During the past few months, MovingCities has been moving around – in China and in-between China and Europe. We saw cities stitched together by runways, gazed upon the world from our windowseats. A selection of 20 – aerophotography – images from recent arrivals in and departures from Lisbon, Brussels, Shanghai 上海 and Kunming 昆明市.
And a short introduction to a 24-year old Portuguese priest making real airplanes (from real paper) in 1709.
The first documented balloon flight in Europe was by the Portuguese priest Bartolomeu Lourenço de Gusmão [1685-1724]. On August 8, 1709, in Lisbon, Bartolomeu de Gusmão managed to lift a small balloon made of paper full of hot air about four meters in front of king John V and the Portuguese court. [source]
The history of the hot air balloon is one of many attempts, as this short story on Bartolomeu Lourenço de Gusmão attests [source]:
On April 19, 1709, Bartolomeu de Gusmão announced that he would present a flying machine to the court.. He received authorization from King D. João V to demonstrate his invention before the Royal House.
On August 3, 1709, he made the first attempt in the Hearing Room of the Palace. However, the small balloon made of paper was set on fire before it could rise in flight. Two days later, a second attempt was successful: the balloon went up about 20 palmos, to the astonishment of the assembly. Fearing the possibility of a fire, the palace servants attacked the device before it had reached the ceiling.
Three days later, on August 8, 1709, the third trial was made in the Patio of the House of India before D. João V, queen D. Maria Anad and Habsburgo, the Papal Messenger Conti Cardinal, the infant D. Francisco of Portugal, the Marquês de Fonte, nobles and ladies of the Court and other personages. This time he had total success. The balloon had risen slowly, then started to fall, having exhausted the flame, into theTerreiro do Paço. The first lighter-than-air device having been constructed, The King was so impressed that he granted to the right any and all flying ships to Gusmão from then on. And for all those who dared to intervene or to copy his ideas, the penalty would be the death.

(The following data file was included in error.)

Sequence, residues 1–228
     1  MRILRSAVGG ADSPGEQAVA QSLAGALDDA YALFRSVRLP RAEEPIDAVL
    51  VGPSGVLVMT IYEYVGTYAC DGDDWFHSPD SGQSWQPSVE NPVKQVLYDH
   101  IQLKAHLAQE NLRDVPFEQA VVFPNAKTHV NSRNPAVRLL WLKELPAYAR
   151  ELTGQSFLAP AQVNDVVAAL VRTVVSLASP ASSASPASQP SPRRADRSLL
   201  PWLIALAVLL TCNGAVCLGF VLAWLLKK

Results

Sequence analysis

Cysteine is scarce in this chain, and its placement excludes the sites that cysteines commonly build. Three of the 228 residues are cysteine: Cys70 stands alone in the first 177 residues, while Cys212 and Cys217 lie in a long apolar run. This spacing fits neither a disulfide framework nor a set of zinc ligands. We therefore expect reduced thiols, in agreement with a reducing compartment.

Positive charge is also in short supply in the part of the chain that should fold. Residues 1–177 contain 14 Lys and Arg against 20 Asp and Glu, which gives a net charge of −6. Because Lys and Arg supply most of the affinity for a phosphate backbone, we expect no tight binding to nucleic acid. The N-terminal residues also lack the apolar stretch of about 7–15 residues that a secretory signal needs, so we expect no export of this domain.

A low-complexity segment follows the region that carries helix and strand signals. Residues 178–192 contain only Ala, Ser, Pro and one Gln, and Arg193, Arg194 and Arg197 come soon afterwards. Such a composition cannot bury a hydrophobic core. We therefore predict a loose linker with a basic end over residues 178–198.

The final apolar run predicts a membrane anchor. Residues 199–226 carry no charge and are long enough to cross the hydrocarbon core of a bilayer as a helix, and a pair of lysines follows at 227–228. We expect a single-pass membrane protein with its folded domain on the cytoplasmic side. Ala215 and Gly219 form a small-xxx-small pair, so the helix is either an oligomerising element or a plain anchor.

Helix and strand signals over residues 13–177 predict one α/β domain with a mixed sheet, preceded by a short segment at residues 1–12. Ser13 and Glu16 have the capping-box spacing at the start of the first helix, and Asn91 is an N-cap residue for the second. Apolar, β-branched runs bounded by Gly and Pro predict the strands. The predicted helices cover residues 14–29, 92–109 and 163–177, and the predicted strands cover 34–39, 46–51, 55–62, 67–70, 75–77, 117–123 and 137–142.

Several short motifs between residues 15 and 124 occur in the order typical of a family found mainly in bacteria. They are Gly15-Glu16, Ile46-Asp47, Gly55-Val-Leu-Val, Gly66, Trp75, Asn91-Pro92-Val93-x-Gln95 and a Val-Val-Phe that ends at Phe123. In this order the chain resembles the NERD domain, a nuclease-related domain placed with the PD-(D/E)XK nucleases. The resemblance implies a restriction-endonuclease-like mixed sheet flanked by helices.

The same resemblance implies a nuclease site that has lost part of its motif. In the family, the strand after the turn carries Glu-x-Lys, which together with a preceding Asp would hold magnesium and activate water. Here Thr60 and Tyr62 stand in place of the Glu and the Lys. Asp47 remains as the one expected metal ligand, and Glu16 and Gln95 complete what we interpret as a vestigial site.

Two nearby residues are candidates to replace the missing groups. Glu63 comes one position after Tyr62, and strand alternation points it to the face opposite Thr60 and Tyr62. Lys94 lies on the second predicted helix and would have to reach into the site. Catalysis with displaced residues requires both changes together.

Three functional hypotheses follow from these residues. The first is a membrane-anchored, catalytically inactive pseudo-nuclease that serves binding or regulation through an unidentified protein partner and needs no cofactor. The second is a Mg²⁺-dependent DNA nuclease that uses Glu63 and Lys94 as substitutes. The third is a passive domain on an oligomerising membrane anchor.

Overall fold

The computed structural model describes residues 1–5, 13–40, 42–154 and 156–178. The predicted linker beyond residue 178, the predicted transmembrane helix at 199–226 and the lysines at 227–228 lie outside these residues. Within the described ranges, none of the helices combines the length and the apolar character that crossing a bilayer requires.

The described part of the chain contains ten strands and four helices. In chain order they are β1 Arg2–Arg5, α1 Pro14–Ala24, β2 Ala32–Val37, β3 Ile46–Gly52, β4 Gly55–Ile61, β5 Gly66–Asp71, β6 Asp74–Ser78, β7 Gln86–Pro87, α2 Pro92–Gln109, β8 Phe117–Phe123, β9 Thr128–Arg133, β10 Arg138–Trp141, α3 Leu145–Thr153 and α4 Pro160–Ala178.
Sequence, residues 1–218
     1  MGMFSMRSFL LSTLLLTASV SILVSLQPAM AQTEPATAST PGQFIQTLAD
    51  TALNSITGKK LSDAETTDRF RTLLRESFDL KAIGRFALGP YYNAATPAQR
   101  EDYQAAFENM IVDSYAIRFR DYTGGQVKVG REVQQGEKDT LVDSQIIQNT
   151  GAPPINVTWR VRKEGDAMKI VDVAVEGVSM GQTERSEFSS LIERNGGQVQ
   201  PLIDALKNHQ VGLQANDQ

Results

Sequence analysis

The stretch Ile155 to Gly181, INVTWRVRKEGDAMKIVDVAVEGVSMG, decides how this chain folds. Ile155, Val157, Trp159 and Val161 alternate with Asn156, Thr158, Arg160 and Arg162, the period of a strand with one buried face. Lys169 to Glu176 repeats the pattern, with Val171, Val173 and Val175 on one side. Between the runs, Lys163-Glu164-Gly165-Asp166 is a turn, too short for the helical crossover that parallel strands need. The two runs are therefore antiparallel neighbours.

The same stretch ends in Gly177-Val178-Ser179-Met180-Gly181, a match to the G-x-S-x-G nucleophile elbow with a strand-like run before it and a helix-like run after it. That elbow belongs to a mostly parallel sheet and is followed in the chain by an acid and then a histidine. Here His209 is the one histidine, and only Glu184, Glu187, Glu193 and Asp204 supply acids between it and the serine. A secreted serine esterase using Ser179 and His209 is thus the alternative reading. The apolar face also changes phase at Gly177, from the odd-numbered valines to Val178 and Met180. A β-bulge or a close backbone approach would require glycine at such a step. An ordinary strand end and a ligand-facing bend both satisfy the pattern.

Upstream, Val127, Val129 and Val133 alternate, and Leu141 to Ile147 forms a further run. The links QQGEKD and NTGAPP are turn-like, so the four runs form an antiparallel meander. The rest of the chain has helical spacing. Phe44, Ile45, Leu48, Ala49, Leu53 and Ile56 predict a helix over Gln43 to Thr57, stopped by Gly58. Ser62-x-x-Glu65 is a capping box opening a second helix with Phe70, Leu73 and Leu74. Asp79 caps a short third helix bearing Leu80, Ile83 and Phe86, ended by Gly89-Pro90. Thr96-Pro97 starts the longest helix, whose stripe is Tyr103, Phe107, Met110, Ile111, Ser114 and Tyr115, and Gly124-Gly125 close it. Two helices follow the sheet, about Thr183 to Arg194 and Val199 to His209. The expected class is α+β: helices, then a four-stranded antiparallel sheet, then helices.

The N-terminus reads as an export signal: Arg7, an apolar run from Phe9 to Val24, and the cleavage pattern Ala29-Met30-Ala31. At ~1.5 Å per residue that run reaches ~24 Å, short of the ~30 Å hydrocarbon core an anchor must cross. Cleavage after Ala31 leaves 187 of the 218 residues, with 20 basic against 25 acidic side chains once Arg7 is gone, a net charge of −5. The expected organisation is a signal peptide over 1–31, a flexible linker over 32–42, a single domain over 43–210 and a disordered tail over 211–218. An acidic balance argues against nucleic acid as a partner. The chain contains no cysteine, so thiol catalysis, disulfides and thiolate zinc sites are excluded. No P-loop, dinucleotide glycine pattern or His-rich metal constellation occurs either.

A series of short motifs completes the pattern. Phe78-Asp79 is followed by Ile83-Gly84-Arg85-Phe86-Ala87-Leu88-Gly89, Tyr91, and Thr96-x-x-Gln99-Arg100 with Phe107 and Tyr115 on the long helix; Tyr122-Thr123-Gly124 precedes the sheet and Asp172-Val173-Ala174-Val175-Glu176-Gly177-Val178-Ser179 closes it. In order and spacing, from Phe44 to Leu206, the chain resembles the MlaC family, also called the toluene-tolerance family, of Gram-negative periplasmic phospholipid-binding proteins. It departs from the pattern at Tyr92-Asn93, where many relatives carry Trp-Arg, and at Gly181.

MovingCities wasn’t flying in paper machines – and nowadays a few hours longer, a few thousand kilometers further – and saw a lot from up in the air: tents, towers, road, detached houses, bridges, office buildings, warehouses, shopping malls and holiday homes. And possibly everything else: large-scale Chinese factories and mega-festivals on Belgium soil, Portuguese road infrastructures and Shanghainese suburbs, glasshouses around Kunming, the fussy inhabitation of Flanders,the incredible repetitive residential compounds of China.
We fell asleep, woke up in many different cities.
We saw linear, circular and kind-of rectangular cities.
We experienced monotony.
Boredom and the built environment.
We saw artificial lakes, cities and countryside crawling into each other.
We travelled back and forward, oftentimes wishing we invented the hot-air balloon.
We left from airports located in the center of the city, arrived in airports located in peripheral – almost placeless – areas.
From above, we saw the Green of Europe, the Grey of China.
Pictures by movingcities.org